What is your favorite Georgetown memory?
During the warmer months of the year, my friends and I loved to bring out blankets and laptops onto Copley Lawn to enjoy the weather (even though wifi didn’t reach that far!). These outdoor “study sessions” usually devolved into just hanging out and socializing with friends, playing music, and having a great time.

How has Georgetown shaped you?
Georgetown instilled a strong sense of confidence and “you can do it” attitude in me. Coming from Georgetown you feel like you can do anything! You can have a crazy idea, and people from Georgetown will support you. Through Jesuit values, contemplation in action, and focusing on social aspects of life, my education encouraged me to think about how I can contribute to the greater good and make a difference in society. Georgetown really makes you feel like you can do anything as long as you are grounded in values and have the drive to keep going.

Something really important to me when I started my company was how we were going to give back and how we were going to make a change in the world. In the fashion industry, there’s gross abuse of resources, abuse of labor, and lots of waste. All of our dresses are made in the USA and our labor force is local people who are here in Philadelphia. We strive to meet standards of sustainability and responsible resource management.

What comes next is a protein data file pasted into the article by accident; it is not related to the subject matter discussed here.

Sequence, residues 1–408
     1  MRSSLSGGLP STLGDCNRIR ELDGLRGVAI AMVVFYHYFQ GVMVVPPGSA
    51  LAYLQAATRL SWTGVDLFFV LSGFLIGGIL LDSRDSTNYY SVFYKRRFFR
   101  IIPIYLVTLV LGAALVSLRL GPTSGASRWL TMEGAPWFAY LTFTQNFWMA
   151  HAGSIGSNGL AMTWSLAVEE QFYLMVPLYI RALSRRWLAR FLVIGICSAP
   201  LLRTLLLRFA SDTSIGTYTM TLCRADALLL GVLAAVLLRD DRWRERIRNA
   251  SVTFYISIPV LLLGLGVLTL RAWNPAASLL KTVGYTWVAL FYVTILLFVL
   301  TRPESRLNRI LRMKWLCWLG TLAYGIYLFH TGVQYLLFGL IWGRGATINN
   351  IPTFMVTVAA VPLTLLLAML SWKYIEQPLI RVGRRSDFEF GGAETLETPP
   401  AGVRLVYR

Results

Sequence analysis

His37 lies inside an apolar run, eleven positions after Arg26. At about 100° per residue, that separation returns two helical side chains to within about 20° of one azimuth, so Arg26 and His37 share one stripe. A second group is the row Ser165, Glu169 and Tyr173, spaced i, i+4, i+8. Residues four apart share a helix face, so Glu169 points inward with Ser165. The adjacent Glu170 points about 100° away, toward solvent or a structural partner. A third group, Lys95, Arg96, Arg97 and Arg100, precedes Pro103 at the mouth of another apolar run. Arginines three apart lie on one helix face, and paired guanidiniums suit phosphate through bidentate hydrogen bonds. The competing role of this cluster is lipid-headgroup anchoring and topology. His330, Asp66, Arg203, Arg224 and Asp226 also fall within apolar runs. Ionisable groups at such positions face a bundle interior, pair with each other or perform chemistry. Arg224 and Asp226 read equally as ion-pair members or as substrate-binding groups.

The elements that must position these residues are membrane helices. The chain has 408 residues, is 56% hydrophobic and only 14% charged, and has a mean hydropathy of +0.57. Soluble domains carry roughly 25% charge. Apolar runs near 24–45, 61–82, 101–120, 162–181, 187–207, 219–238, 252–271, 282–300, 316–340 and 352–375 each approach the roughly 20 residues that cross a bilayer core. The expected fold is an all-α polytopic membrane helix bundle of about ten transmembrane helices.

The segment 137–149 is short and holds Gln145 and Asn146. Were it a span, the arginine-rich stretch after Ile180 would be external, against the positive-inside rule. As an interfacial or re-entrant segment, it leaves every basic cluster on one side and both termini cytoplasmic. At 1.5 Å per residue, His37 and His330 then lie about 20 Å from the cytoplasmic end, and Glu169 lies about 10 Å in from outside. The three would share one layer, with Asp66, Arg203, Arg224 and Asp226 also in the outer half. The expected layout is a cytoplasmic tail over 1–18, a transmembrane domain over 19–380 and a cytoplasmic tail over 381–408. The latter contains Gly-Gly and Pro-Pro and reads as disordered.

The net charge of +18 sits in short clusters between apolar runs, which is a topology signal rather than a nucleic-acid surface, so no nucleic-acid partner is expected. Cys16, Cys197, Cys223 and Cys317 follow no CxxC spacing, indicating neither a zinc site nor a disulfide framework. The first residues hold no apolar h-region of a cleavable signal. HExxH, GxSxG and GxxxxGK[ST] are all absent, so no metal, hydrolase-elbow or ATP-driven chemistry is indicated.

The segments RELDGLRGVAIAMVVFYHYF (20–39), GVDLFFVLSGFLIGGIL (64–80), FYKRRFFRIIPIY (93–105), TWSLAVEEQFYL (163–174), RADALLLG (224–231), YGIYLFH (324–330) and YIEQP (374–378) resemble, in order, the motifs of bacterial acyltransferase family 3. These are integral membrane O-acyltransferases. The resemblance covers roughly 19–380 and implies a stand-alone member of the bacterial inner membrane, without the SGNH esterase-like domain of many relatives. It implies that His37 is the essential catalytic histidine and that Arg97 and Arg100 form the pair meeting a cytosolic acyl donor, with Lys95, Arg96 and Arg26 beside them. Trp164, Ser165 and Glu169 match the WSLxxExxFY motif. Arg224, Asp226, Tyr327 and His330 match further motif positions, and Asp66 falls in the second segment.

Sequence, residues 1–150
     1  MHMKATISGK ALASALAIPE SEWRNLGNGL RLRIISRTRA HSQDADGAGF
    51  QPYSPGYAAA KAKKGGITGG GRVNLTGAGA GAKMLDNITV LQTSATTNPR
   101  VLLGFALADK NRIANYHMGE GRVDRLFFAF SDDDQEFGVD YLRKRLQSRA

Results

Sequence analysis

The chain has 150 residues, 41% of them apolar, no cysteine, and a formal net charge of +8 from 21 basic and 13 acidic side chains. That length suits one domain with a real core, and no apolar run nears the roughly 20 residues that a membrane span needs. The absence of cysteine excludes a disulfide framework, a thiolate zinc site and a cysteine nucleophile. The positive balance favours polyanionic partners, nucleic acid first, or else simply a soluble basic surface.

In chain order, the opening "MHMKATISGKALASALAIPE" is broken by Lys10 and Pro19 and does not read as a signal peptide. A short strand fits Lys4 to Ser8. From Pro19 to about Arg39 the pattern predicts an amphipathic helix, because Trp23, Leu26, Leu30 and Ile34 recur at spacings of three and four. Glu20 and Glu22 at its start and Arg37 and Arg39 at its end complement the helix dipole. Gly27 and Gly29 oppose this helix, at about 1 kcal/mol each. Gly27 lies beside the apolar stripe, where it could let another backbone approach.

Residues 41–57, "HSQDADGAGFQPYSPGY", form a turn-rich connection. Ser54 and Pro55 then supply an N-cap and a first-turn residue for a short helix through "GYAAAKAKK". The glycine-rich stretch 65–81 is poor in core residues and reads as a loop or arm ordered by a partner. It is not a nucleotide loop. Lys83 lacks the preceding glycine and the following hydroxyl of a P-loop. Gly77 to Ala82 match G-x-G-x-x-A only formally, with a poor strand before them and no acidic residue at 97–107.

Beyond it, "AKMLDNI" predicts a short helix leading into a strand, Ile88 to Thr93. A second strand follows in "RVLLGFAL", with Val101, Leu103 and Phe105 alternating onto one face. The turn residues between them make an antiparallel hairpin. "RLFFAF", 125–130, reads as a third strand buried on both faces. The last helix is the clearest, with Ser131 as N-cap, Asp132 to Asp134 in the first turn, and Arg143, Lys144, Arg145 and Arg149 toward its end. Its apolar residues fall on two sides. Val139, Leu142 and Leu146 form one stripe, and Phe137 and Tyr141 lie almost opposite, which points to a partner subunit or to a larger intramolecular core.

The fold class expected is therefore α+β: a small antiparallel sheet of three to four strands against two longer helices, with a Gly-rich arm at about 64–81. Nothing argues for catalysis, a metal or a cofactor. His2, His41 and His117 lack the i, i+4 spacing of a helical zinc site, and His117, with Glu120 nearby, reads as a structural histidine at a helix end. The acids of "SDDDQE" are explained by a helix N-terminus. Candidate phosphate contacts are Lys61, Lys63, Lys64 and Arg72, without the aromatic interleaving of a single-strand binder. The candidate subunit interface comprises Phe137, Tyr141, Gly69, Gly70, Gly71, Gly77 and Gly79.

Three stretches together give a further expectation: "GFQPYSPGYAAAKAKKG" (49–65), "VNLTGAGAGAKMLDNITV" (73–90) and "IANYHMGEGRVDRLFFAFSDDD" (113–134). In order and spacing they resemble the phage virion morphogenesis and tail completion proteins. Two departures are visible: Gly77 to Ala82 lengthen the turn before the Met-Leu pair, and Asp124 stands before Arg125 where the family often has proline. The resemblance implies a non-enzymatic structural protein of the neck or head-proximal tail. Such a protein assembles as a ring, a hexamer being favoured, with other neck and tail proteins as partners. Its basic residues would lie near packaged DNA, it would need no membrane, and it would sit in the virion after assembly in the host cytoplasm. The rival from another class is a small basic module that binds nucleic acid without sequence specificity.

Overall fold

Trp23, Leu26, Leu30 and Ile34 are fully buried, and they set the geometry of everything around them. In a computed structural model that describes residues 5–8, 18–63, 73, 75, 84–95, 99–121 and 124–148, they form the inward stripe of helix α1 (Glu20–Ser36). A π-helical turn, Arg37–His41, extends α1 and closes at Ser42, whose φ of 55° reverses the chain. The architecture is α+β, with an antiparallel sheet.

A Day in the Life

What is on your desk right now?
I work from home preparing the designs and patterns before sending them to our amazing dressmakers. Usually you’ll find me working at my dining table. There I have my laptop, my sewing machine, sewing supplies, sketchbooks, and a cup of tea. My workspace is not conventional: I’m surrounded by supplies, big rolls of muslin and silk fabrics, and a Swarovski crystal chart that I have handy to reference at all times. Even when I’m not sketching or working on a dress design, I sit at my table. It feels good to always be in a space of creativity!

Sewing machine with pin cushion and scissors . dress sketch with pencil and pen

What is one part of your daily routine you couldn’t live without?
My husband Jordan (also a Hoya) says “make sure you’re doing a life-giving activity every day.” I love fashion, and being in this world was a life-giving activity before it became my job. Now that it’s my job, it’s turned into something different, so I need to find other things that are life-giving so that I continue to love my work. I love to run, walk, garden, and cook, and it’s important to do something that I love that’s not fashion-related. If you do too much work-related stuff, you’ll burn out and get tired.

I also try to stick to a schedule so that I can spend time with my husband and my friends, watch TV, relax, etc. There’s this perception that entrepreneurs have to be working 24/7, and I try not to do that by giving my day designated start and end times as much as possible.

Who or what is a source of inspiration in your life?
God first and foremost. Work is tough, but when you feel passionate about something and you put in the effort, and you see things eventually lining up, it’s proof that God is working on your behalf.

Who is your favorite author?
Toni Morrison.

Words to live by?
“Work is a form of worshipping God.” Remember that, and you’ll always put out your very best.